Electrical Maintenance for Almost Everything in Your House
For many people, DIY on any electrical component is a “no no” – and rightfully so. And while electronic devices tend to be a lot safer and user serviceable, many consumers are intimidated by them and are afraid to break something that may not be completely broken. While amateurs certainly should leave electrical maintenance in skilled and experienced hands, there are some basic things you probably should be doing yourself. Keep your electronics and electrical devices running optimally, while staying keenly aware of when it’s time to call for professional support.
Thanks to the sheer amount of heat they can produce, ovens can handle their grooming themselves for the most part – there’s that handy “self-cleaning” option on most of them. But it’s important to remember to avoid using any old chemical solution in your oven when you set it to self-clean – it’s okay to use chemicals during the process, but you need to ensure your oven’s manual condones the solution you have in mind.
Also in the ‘less is more’ category – oven knobs. You can actually do more harm than good, should you decide to pull off the oven’s knobs and clean them. It’s akin to hosing down your car’s engine, wet-wiping the inside of your PC, or spraying cleaning solutions on your TV’s inputs. You could cause a short and there’s even the risk of electrocution.
If an oven heating element goes out, you need little more than the time it takes to stand in the line at the hardware store to rectify the issue – that’ll consume the bulk of your time with this simple DIY project. With the oven unplugged, simply unscrew the old oven heating element and remove it from its bracket. Carefully replace the old element with the new one and its screws.
Home Security Systems
As long as they aren’t gnawing away at your nerves with false alarms, it’s easy to forget about upkeep with home security systems. But you should be running monthly tests on your system to ensure that it’s ready if your home ever needs it to be. Review your system’s manual for specifics on how to launch a test from the home security system’s control panel. And be sure to inform your home monitoring company before testing your system – they hate false alarms as much as we do.
More than monthly, you should also perform perimeter checks every week or so. Inspect your lighting and cameras to insure that they’re still optimally positioned, their gaze not windblown or obscured. Your monthly tests should alert you to any sensors that are off line. But you’ll also want to make sure the sensors aren’t beginning to fall out of place due to warping, rotting, worn and weathered adhesive or screws.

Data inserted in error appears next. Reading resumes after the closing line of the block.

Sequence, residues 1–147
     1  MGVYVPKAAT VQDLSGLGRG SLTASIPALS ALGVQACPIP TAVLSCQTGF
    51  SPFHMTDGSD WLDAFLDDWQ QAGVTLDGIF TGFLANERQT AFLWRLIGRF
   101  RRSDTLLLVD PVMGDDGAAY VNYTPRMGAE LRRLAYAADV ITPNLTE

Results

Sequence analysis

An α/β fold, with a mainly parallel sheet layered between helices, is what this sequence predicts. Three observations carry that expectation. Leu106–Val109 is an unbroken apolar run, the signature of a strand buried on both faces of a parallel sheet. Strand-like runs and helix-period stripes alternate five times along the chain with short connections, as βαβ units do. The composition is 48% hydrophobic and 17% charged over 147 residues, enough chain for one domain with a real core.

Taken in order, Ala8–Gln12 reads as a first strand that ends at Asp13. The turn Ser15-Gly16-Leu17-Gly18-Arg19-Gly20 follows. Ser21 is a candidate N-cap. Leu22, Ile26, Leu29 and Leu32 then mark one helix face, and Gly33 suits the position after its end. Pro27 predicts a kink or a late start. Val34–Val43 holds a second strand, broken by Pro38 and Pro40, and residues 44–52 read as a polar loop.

For this DIY project, you pose more of a danger to it than it does to you. Yet, that doesn’t make a lot of consumers any less uncomfortable tinkering with a thermostat. But often times, all it takes is a careful cleaning to get your mechanical thermostat to spring back to life, seemingly, or to return to reporting accurate temperatures to your HVAC system. Typically, you won’t have to worry about your electronic thermostat failing on you. And if something does go wrong with them, it’s likely just time to swap out the batteries.
If your mechanical thermostat appears to be playing dead, make sure it’s cover is completely closed. If the cover isn’t properly seated, it could throw off the thermostat’s reading and even prevent it from responding to your temperature commands. And if the thermostat is covered in dirt and grime, use a small brush to clean it.
If people are knocking when you’d prefer they’d ring, there might be a problem with your door bell – a problem you may not have to ring up a repair person to address. Pay a visit to your home’s circuit breaker to make sure a breaker simply hasn’t tripped. If the breaker controlling your doorbell hasn’t tripped, flip it off and then go inspect the bell.
Use a screwdriver to unmount the doorbell and then inspect its connection. If the problem is a damaged or disconnected wire, cut away the bad areas of it and then reattach it to your doorbell’s contacts. If there’s corrosion around the contacts, clean them after disconnecting the wires.
It’s easy, and wise, to give a wide berth to an electrical outlet that’s acting erratic or is unresponsive all together. But before calling in the heavies, there are a few basic steps you can take to isolate the problem and even resolve it – if it’s minor.
Try plugging a different appliance or lamp into the outlet in question. If there are still no signs of life, try plugging a known working device into another outlet nearby. After gauging the extent of the problem, check your home’s breaker box to make sure it hasn’t been tripped by a short or overload. Sometimes, a simple flip of a switch will restore power to the electrical outlet in question. But if your breakers are all on and seem to be functioning just fine, call for help.
DDIY (Don’t Do It Yourself)
When it comes to electrical components, there isn’t much room for self-tutelage. There’s a lot that can go wrong when tinkering with wires, especially ones you’ll need to troubleshoot while they’re live. You’ll want to turn over just about every serious issue to the experts. But even for the simple tasks, use your best judgement and make sure you’re aware of all the risks.